There is a good chance that both candidates will avoid an all-out war over issues that are significant concerns for most Americans. While race and gender are supposedly defining issues for most voters, the fact that Clinton is a woman, and Obama is African-American does not mean they represent the interests of their respective group. Moreover, neither Obama wishes to be defined solely by his colour nor Clinton by her gender.
The Iraq war will most likely define President Bush’s legacy. Moreover, once the presidential candidates for both parties are determined, the war will probably position itself as the lead point of contention. Senator McCain is already gearing up for the anticipated fight over war with the democrats. In Norfolk, Virginia, he attacked Obama and Clinton for wanting to set dates for withdrawal from Iraq. “I believe that would have catastrophic consequences. I believe that Al-Qaeda would trumpet to the world that they had defeated the United States of America, and I believe that therefore they would try to follow us home.”
McCain — presumably a “war hero” — realises that the disastrous Iraq war is most likely to be his campaign’s weak point, and the faltering economy will not divert attention from it. In fact, in the minds of many Americans, both issues are linked. According to an Associated Press-Ipsos poll after Super Tuesday, the majority of Americans believe that the best way to escape recession is to pull out of Iraq.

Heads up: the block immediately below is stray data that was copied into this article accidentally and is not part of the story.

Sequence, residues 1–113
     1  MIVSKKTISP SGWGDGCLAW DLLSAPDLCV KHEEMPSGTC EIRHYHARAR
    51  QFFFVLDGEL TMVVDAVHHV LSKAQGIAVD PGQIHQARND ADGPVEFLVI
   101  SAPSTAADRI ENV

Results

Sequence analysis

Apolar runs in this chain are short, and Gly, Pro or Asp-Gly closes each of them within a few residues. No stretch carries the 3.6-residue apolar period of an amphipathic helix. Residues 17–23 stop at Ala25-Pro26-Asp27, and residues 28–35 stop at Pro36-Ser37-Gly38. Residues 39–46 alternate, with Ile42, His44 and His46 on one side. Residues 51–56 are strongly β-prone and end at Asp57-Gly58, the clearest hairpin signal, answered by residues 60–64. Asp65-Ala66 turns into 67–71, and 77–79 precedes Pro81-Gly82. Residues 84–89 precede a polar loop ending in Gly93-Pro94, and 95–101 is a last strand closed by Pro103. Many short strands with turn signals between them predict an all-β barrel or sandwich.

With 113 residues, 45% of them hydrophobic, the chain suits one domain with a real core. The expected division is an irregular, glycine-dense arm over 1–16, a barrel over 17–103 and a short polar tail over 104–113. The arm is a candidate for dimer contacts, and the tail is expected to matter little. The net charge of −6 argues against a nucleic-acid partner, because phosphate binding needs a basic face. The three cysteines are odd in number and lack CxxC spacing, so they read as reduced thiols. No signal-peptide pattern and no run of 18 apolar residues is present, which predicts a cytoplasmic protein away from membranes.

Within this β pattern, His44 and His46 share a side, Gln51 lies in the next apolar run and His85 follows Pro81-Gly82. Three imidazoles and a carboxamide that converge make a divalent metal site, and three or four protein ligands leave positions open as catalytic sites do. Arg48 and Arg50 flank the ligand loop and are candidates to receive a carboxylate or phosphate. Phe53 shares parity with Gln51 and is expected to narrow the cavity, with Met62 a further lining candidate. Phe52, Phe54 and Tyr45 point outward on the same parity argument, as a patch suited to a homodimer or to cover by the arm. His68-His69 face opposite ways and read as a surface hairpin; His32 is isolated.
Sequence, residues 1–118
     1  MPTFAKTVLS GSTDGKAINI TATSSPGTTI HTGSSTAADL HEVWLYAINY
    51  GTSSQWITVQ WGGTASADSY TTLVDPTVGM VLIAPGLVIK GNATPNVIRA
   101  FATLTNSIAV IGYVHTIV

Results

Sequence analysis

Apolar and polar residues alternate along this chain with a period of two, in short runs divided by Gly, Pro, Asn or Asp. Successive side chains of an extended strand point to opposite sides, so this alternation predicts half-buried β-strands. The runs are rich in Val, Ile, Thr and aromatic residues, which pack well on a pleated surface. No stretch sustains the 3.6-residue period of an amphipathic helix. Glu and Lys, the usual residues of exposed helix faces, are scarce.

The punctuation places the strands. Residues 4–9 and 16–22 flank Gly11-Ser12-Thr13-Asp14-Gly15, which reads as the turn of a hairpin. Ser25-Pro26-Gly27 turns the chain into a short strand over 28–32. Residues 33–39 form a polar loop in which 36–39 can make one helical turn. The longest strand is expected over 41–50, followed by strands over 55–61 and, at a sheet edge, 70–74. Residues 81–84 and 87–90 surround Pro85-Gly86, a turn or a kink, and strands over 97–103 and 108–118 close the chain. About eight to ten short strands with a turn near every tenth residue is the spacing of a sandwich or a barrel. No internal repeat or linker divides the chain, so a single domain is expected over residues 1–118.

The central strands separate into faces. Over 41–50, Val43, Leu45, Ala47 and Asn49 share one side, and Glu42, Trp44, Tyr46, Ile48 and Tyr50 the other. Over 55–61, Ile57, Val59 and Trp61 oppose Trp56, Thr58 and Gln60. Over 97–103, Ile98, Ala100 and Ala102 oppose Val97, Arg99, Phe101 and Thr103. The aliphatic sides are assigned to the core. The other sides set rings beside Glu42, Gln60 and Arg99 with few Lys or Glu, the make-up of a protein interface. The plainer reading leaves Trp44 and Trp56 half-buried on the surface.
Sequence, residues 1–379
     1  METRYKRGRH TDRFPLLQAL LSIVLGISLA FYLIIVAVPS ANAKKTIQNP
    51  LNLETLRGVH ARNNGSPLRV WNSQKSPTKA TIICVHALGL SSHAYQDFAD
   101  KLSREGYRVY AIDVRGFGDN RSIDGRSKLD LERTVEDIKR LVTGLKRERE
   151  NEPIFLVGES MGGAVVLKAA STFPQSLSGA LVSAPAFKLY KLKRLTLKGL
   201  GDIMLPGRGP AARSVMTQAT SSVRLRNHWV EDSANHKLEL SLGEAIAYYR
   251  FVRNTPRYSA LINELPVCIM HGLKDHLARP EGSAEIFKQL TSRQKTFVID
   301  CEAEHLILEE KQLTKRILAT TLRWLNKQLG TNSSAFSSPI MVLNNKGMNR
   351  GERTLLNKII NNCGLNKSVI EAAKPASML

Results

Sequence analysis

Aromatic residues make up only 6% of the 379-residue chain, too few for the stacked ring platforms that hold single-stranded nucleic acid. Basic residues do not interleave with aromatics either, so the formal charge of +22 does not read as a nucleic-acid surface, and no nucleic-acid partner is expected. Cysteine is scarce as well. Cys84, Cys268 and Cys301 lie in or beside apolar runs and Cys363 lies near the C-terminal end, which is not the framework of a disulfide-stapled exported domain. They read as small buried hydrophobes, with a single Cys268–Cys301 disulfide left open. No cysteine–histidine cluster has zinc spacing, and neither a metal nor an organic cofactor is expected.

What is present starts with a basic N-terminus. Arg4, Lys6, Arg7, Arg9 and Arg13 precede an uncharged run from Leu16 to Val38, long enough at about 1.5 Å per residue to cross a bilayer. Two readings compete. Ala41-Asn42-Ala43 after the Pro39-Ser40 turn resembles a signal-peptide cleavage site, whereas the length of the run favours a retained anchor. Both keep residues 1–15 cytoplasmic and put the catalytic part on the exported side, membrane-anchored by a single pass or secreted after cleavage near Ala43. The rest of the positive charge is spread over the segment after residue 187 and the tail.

If the Iraq debate has indeed emerged as the most significant in coming months, the chances are Obama will have the upper hand. But Obama’s anti-war stance has become a source of concern to Israel, whose “pro-Israel” camp in the US remains too significant to overlook. Justin Elliot, writing for Mother Jones, discussed Obama’s challenges in putting that group at ease. After all the man is black, his middle name is “Hussein” and has a few “slips” of a tongue on his record — notwithstanding his statement last March that “no one has suffered more than the Palestinian people,” which he grossly reinterpreted later.
MJ Rosenberg of the Israel Policy Forum, a dovish advocacy group, told Elliot, “the more right-wing segments of the Jewish community are the least likely to be comfortable with an African-American president.”
To prove them wrong, Obama sent a letter to the US ambassador at the Security Council demanding that the council “should clearly and unequivocally condemn the rocket attacks against Israel… If it cannot… I urge you to ensure that it does not speak at all.” He also claimed to understand why Israel was “forced” to impose a siege on Gaza, a siege that human rights organisations have held responsible for causing mass starvation and unparalleled catastrophe.
What’s important about Obama’s dramatic shift is that he has proven to be just as self-serving and easily manipulated as the rest. If he can so readily support the starvation of 1.5 million people, who is to guarantee that he will not renounce his moral stances on issues pertaining to Iraq, Iran, and indeed America itself?
RAMZY BAROUD teaches mass communication at Curtin University of Technology and is the author of The Second Palestinian Intifada: A Chronicle of a People’s Struggle. He is also the editor-in-chief of PalestineChronicle.com. He can be contacted at: firstname.lastname@example.org